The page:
New Jersey’s state legislature on Monday passed what supporters are calling the strongest pay equity legislation yet enacted by any state in the US, NorthJersey.com’s Catherine Carrera and Nicholas Pugliese report:
The bill passed Monday, A-1, would allow victims of discrimination to recoup up to six years’ worth of back pay, up from two under current law. Damages that are proved could be tripled, and the bill would permit lawsuits not just by women but by any group covered under the state’s Law Against Discrimination, such as racial or sexual minorities.
It would also give employees a better chance at prevailing in pay discrimination cases, said Andrea Johnson, senior council for state policy at the National Women’s Law Center. Workers would have to prove they are being paid unfairly for “substantially similar” work, a change from the existing standard of “equal pay for equal work.”
“There are a lot of courts that have interpreted equal work in a very narrow way to mean basically identical work,” Johnson said. “So there’s some language added to the law just to make sure that courts are doing a deeper analysis into the justification. We see too many cases thrown out for reasons that actually might be sex-based.”
The Diane B. Allen Equal Pay Act, named after a recently retired Republican state senator who experienced age and gender discrimination during her career in broadcast journalism, passed the state Senate unanimously and the Assembly 74–2, with two Morris County Republicans voting against it. Assemblymen Michael Patrick Carroll, one of the two “no” votes, said it would lead to endless litigation.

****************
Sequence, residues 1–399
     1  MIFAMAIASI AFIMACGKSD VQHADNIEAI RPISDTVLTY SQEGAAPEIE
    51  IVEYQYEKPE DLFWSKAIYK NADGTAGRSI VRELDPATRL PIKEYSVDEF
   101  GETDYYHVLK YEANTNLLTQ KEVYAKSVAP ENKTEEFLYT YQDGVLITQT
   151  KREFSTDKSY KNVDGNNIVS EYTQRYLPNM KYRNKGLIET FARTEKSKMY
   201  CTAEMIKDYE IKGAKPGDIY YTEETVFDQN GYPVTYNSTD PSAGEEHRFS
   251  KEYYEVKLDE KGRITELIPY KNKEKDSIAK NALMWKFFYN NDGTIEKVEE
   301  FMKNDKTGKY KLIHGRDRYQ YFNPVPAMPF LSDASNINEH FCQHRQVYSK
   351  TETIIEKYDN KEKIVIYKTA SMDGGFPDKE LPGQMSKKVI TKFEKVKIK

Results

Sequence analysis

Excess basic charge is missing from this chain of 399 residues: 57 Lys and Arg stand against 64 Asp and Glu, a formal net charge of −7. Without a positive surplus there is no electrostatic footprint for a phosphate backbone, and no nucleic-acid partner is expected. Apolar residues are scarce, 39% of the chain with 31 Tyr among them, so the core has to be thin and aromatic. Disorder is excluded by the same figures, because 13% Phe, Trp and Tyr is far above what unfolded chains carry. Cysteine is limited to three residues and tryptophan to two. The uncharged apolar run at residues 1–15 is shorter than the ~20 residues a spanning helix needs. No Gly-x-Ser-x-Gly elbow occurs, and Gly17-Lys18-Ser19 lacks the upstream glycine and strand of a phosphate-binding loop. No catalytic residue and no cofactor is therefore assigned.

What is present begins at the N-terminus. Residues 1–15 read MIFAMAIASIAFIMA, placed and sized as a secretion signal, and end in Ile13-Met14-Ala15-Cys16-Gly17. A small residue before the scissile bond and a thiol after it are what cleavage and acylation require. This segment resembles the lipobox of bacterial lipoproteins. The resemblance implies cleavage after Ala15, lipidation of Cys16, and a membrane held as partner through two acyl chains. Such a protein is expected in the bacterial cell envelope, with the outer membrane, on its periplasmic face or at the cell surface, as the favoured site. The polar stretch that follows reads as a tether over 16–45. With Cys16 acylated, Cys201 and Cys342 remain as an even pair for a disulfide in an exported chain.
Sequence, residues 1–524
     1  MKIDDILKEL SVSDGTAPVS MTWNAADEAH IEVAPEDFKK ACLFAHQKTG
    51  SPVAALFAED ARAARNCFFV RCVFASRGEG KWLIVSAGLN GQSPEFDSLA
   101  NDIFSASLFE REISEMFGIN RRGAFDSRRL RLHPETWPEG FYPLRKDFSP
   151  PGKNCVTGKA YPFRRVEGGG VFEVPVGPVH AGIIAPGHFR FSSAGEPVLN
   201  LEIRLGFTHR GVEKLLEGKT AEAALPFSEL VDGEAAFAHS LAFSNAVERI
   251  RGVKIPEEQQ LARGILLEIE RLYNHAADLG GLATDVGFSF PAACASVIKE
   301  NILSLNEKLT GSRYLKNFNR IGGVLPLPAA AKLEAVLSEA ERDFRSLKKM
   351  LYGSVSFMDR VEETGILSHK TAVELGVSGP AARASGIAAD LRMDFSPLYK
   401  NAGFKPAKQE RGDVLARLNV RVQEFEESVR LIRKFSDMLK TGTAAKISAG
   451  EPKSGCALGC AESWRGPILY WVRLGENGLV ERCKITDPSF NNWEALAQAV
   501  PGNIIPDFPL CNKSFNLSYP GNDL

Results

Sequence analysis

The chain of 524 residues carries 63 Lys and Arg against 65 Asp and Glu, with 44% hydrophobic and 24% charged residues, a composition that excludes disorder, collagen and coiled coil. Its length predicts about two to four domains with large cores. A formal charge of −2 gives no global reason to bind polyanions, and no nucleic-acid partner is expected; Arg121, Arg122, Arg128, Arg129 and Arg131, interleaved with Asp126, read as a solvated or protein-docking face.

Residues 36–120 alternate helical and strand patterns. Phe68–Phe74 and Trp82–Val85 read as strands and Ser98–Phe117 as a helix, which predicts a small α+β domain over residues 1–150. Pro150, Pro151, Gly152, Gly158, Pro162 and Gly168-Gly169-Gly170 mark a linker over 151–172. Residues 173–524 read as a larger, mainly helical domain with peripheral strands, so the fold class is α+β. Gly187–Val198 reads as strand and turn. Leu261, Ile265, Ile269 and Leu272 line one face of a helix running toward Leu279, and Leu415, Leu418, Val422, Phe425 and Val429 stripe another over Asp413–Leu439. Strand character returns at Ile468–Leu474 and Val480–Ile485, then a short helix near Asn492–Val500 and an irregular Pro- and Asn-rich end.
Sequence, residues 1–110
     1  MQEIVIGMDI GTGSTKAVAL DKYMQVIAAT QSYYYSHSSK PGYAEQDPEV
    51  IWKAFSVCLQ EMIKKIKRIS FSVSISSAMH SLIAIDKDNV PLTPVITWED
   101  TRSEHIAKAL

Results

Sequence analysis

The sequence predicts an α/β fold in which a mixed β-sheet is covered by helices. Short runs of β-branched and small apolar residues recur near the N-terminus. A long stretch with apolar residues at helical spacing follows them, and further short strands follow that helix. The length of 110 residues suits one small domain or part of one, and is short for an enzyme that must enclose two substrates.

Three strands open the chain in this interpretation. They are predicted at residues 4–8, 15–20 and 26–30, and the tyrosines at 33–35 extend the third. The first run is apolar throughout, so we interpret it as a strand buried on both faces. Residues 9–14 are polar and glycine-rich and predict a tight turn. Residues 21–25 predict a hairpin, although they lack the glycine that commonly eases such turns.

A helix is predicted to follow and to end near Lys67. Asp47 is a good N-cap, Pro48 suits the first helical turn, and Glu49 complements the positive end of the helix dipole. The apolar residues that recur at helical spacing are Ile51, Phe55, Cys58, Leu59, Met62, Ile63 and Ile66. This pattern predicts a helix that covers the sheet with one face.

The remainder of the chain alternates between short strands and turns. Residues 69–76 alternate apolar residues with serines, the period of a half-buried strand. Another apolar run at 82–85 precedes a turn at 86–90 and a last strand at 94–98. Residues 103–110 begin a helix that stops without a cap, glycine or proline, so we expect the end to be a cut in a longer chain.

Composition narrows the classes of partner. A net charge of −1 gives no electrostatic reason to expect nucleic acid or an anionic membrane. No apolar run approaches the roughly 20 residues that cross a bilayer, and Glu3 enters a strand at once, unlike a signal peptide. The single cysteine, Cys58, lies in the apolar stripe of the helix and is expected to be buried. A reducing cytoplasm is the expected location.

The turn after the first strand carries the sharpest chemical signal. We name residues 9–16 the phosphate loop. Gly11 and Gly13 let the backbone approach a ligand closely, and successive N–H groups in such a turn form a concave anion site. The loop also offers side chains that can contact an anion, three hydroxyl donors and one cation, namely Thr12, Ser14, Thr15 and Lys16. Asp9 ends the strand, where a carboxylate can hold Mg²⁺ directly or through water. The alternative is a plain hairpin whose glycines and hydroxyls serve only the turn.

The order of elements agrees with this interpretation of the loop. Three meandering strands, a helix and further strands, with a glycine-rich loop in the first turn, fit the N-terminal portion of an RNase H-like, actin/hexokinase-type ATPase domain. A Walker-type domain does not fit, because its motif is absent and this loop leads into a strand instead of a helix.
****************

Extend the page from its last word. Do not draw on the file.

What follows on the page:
The bill, which Governor Phil Murphy is expected to sign imminently, makes it illegal for employers to prevent employees from discussing their pay with others, but does not prohibit asking candidates about their salary histories as part of the process of negotiating pay, as some other states and cities have done in their pay equity laws. In his first official act after taking office this January, Murphy issued an executive order barring state agencies from asking for salary histories. A bill prohibiting them statewide was passed in the New Jersey legislature last summer, but was vetoed by Republican governor Chris Christie. It is not clear why this provision was excluded from the bill passed Monday or whether such a ban will be included in future legislation.
Also on Monday, the Assembly passed a bill that would require all private employers in the state to provide paid sick leave to both full-time and part-time employees. This bill, another legislative initiative that was stalled under Christie’s administration, entitles workers to earn one hour of paid sick time for every 30 hours worked and to accrue up to 40 hours annually. Employees begin to accrue this time as soon as they begin work but are not eligible to use it until the 120th calendar day of their employment. Employers with all-purpose paid time off policies are considered compliant with the law as long as their employees’ PTO accrues at a rate equal to or greater than that mandated by the law.
According to NorthJersey.com, the bill faces opposition from business groups, while the health care industry pushed for an exemption for per diem health care workers who work for hospital systems as substitutes for temporarily absent employees. Murphy has expressed support for the bill and is expected to sign it if it passes the Senate as well.